Arts Review

Panzer's tetrahedons are no bull

Arts Review

'Jamie Panzer: Bullshit Detector'

Co-Lab, 613 Allen, 300-8217
Through Feb. 25

Fact: Co-Lab was one of my Top 10 arts picks for last year. Not due to any specific show, but because of the sheer amount of exhibitions – about one every two weeks – mounted in that small Eastside venue. Because of the relentless experimentation with objects and presentations, the amount of work venue director Sean Gaulager and his friends put into the year's offerings.

Fact: Jamie Panzer's solo exhibition last year – not at Co-Lab but at Big Medium – was also among my Top 10s. Because his "You see ... Thing is ..." was, well, what I said then: "a triumph of wit and eye-searing creation." Now here's Panzer's newest endeavor, "Bullshit Detector," at Co-Lab for a week.

It's a show of one big piece, pretty much. Although there are resonant paper collages by Panzer on the walls of what you might call the lobby (or air lock) of Co-Lab, the main event in the main room is that single Bullshit Detector.

Look: There are three ziggurats that you can barely see in the darkened room, ziggurats like triple-tiered wedding cakes made from piles of newly dug earth constrained by chicken wire, each one at the point of some imaginary equilateral triangle. You can smell the freshness of the dirt in the close air. ("That's from three days of digging," says the artist, grimacing at the memory of it. "There's some manure in there.")

Supported in the center of each of the ziggurats is a wooden pylon that reaches to a height of maybe 7 feet; each pylon is tipped with an eyelet screw. In the center of the triangle defined by the ziggurats is an electric generator – or maybe it's just a terminal that draws power from the Co-Lab walls – in any case, there it is, at half the pylons' height, and from this power center come lengths of wire, the kind that heats bread in toasters, and these wires loop up and through the pylons' eyelets. The wires glow in the dark room, faintly buzzing, forming the orange outlines of a geometric solid in midair. It's like you're co-existing in some virtual space inhabited by one of the elements from the old Tempest arcade game.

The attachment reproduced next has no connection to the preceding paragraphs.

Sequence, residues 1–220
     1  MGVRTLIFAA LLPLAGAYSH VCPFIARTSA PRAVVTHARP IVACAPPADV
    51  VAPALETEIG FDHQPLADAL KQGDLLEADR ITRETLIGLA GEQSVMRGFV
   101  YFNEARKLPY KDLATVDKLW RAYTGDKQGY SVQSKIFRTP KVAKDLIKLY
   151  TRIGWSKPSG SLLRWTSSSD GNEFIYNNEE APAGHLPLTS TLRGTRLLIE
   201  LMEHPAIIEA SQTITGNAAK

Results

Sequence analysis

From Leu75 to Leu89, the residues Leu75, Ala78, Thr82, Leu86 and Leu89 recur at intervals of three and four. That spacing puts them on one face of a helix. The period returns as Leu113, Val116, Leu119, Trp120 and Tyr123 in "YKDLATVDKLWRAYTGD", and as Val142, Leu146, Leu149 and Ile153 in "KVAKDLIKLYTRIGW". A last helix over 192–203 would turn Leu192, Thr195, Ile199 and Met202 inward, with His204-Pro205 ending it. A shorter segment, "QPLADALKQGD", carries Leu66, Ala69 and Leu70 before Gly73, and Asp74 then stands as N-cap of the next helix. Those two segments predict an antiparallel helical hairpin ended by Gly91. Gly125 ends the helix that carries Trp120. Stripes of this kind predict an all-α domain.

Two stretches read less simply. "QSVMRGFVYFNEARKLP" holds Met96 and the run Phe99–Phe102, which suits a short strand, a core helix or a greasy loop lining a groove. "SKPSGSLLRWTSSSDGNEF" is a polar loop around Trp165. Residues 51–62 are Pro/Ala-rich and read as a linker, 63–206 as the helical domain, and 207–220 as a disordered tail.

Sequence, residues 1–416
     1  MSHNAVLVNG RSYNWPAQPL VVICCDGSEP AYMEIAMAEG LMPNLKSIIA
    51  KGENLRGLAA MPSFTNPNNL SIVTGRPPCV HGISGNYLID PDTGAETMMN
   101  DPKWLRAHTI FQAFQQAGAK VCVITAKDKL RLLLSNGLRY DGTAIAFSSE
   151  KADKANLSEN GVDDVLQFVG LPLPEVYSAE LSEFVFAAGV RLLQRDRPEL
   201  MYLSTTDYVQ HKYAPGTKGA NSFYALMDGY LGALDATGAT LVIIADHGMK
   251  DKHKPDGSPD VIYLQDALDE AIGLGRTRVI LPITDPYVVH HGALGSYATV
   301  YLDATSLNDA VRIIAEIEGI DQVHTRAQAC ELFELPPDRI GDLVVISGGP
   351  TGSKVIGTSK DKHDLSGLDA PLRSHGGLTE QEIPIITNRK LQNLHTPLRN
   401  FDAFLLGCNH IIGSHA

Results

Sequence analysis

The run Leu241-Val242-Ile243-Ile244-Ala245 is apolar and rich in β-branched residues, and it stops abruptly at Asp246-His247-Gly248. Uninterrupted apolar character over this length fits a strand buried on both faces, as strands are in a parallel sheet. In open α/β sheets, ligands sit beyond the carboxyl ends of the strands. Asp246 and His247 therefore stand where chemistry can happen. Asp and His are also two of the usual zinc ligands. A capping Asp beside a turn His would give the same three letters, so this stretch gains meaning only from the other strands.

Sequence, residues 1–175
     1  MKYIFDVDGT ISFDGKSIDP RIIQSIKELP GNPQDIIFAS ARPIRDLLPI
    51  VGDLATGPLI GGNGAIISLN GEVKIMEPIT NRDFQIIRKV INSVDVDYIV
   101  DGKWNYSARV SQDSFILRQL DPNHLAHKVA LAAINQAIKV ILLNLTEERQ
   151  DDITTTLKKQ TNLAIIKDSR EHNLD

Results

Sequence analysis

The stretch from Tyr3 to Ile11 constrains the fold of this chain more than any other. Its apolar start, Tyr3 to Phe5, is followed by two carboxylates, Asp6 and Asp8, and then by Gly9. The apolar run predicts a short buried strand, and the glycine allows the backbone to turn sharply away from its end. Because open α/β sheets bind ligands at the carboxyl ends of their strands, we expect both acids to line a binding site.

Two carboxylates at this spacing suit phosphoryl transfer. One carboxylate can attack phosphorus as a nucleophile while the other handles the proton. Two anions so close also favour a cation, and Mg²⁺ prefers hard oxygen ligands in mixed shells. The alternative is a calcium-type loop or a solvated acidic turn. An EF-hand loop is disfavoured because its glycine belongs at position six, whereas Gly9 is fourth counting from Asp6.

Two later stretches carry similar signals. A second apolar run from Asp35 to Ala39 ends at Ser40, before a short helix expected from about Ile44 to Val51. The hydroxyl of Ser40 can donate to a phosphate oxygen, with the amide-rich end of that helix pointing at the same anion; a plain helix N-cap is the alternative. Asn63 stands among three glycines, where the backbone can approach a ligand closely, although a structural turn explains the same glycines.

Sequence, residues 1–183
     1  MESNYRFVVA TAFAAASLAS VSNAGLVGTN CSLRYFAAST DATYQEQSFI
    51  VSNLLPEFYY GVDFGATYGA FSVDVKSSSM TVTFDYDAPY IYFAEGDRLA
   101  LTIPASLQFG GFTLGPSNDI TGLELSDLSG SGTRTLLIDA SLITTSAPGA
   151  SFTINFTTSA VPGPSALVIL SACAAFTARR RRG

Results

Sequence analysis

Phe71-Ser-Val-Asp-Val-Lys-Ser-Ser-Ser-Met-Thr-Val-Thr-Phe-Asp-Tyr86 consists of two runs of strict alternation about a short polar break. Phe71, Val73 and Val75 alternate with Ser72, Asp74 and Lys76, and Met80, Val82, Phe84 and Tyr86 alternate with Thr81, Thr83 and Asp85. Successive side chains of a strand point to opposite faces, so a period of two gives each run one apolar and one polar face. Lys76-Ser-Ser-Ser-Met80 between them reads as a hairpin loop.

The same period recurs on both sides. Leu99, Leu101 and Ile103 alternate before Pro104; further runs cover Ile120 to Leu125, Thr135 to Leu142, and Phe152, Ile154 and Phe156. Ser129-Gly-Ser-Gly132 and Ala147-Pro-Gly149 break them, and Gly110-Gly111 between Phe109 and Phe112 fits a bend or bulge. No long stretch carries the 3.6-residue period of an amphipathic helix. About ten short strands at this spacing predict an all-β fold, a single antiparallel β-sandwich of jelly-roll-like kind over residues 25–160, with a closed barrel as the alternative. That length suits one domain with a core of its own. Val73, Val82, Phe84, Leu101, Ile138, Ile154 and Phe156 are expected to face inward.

Opinion: What a lovely, strange, and typically Panzerian structure to share a room with!

"It's a pyramid," breathes a visitor, staring at the bright wires.

"Well," says the artist from deep shadows, "it's a tetrahedron."

For any tetrahedron, as you may know, there exists a sphere such that the tetrahedron's vertices lie on the sphere's surface. For any artist, we might add, there exists a sphere of influence. And if there's ever any lying going on on that sphere's surface ... well, that's what a good bullshit detector is for, isn't it?

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Jamie Panzer: Bullshit Detector, Co-Lab, Sean Gaulager, Big Medium

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